The Loud Ticking of the Default Time Bomb
- Jul 14, 2011
The default countdown continued on Wednesday unimpeded by progress on a deal to raise the federal debt ceiling. In an unexpected development, Senate Minority Leader Mitch McConnell (R-KY) warned members of his own party that a default would be bad for Republican election prospects next year (besides throwing a monkey wrench in a weak economy). McConnell then floated a Rube Goldberg-like solution to the problem that would essentially allow the president to raise the debt ceiling, unless Congress did not approve, in which case the president could veto the not-approval, and thus the increase would be approved. This would be done three times.
The president, for his part, told CBS on Wednesday that he cannot assure the nation that Social Security checks will be processed on Aug. 3. “There may simply not be the money in the coffers to do it,” he said. That’s certainly a possibility, but it also counts as a negotiating tactic known as “holding your opponent’s feet to the fire.”
Meanwhile, rating agencies are muttering darkly about the top-drawer rating of the sovereign debt of the United States. On Wednesday, Moody’s said that it “has placed the Aaa bond rating of the government of the United States on review for possible downgrade given the rising possibility that the statutory debt limit will not be raised on a timely basis, leading to a default on US Treasury debt obligations.”
Bernanke tells Congress to act
Ben Bernanke, speaking to the House Financial Services Committee on Wednesday, mostly talked of monetary policy, that being the central bank’s bailiwick. But he spent a while warning Congress of the perils of default. It was unusually strong language for a central banker.
“The assumption is that as long as possible the Treasury would want to try to make payments on the principal and interest of the government debt because failure to do that would certainly throw the financial system into enormous disarray and have major impacts on the global economy,” Bernanke said. “The arithmetic is very simple. The revenue that we get in from taxes is both irregular and much less than the current rate of spending.”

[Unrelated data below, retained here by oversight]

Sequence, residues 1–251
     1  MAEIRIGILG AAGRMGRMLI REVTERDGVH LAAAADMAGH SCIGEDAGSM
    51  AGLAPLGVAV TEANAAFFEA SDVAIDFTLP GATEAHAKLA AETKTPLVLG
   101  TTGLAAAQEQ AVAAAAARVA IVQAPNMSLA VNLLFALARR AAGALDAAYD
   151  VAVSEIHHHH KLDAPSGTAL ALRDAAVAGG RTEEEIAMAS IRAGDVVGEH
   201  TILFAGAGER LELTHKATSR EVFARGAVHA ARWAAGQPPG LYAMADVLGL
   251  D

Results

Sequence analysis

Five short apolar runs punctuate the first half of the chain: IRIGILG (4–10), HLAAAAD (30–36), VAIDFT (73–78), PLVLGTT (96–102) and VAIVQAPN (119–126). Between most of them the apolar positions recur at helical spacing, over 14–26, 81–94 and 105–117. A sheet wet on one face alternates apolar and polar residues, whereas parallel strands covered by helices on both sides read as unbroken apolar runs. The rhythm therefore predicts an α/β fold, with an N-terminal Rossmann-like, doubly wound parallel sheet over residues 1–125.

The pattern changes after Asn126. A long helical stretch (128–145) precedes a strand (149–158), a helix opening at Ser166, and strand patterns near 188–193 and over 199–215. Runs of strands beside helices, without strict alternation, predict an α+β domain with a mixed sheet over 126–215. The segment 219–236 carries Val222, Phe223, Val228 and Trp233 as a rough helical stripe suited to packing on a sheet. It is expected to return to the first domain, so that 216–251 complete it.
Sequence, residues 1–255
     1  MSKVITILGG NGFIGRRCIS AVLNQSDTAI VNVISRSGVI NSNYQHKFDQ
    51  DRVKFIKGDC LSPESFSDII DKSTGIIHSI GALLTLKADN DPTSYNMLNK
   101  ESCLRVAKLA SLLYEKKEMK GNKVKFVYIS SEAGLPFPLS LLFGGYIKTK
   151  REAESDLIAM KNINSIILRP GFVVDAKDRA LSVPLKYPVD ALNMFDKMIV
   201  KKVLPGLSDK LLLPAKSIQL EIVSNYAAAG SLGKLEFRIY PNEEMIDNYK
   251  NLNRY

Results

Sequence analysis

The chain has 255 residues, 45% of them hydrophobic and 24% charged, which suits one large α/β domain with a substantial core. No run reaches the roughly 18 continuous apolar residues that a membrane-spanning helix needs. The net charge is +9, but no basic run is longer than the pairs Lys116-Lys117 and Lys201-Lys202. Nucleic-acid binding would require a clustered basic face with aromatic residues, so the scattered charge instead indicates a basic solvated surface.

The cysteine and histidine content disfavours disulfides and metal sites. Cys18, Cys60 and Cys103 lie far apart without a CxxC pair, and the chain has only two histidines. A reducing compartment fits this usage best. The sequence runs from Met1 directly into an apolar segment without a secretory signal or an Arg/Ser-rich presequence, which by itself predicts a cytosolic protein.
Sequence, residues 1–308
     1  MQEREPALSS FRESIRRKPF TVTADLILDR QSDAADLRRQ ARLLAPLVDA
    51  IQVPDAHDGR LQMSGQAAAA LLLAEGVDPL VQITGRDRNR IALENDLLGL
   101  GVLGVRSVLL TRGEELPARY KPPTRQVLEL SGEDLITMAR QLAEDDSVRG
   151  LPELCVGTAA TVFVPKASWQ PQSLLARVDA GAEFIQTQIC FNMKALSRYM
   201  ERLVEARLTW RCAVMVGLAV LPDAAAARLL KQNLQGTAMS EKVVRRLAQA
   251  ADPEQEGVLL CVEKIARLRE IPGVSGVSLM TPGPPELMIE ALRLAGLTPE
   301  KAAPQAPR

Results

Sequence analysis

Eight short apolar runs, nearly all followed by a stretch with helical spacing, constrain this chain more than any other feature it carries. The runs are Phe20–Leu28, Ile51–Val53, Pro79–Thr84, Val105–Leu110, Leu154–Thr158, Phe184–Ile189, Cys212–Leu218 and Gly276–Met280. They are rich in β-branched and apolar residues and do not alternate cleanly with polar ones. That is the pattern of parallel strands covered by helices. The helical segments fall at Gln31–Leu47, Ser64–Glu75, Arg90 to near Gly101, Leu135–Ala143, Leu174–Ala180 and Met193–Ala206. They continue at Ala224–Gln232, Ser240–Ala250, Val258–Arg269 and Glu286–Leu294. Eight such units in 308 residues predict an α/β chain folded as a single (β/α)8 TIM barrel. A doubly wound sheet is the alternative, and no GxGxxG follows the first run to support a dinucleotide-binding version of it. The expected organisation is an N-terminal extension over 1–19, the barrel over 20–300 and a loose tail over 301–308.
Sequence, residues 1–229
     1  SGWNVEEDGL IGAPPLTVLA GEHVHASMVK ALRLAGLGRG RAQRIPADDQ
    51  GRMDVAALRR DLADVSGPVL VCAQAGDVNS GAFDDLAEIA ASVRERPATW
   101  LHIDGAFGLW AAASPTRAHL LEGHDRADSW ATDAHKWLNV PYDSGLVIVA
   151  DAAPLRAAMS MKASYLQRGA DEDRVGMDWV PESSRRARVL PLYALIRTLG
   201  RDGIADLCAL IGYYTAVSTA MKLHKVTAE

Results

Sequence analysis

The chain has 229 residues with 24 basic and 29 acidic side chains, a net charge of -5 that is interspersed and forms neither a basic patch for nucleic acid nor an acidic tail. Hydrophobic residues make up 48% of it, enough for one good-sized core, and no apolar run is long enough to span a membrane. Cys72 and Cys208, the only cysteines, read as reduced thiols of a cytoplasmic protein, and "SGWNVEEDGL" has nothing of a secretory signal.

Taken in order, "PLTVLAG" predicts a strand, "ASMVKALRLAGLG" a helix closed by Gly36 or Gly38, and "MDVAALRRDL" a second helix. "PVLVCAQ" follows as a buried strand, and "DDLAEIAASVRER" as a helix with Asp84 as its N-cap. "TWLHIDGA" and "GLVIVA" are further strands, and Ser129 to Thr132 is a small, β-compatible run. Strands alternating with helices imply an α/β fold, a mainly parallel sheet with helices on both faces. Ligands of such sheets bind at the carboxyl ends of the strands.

Regarding more Federal Reserve stimulus–another QE, sometimes called QE3 but also QE2.5– Bernanke was a little more indirect. He did say, however, that the Fed stands ready to help out if the economy continues sputtering.
“Although we are no longer expanding our securities holdings, the evidence suggests that the degree of accommodation delivered by the Federal Reserve’s securities purchase program is determined primarily by the quantity and mix of securities that the Federal Reserve holds rather than by the current pace of new purchases,” the chairman said. In other words, the new QE might not involve expanding Fed holdings, but re-arranging them in ways the central considers economically salubrious.
Pulse of Commerce weak, but better in June
The Ceridian-UCLA Pulse of Commerce Index (PCI), released on Wednesday by the UCLA Anderson School of Management and Ceridian Corp., rose 1 percent in June, a rebound following declines in the previous two months. Despite the stronger performance in June, however, the economy continues to remain in idle, with the PCI remaining below its level at the end of the first quarter of this year.
“Over the past year the U.S. economy has been in ‘she loves me, she loves me not’ mode,’ ” says Ed Leamer, chief PCI economist and director of the UCLA Anderson Forecast, in a statement. “Bad news has been alternating with good, leaving investors and forecasters nervous and unable to identify sustainable trends.”
Wall Street hasn’t been able to identify a trend lately, either. The Dow Jones Industrial Average’s arc was rainbow-shaped on Wednesday, first way up then down. In the end, the index was up 44.73 points, or 0.36 percent. The S&P 500 gained 0.31 percent, and the Nasdaq advanced 0.54 percent.